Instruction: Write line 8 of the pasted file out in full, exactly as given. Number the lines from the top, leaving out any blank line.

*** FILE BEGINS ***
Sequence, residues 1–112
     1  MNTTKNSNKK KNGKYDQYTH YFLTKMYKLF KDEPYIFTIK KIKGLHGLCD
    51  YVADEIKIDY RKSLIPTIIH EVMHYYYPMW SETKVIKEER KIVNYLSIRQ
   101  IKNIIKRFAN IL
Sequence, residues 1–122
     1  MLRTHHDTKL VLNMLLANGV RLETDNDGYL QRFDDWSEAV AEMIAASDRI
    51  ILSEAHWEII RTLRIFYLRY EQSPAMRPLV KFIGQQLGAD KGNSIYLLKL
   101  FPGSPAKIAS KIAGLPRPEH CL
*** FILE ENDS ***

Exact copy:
   101  FPGSPAKIAS KIAGLPRPEH CL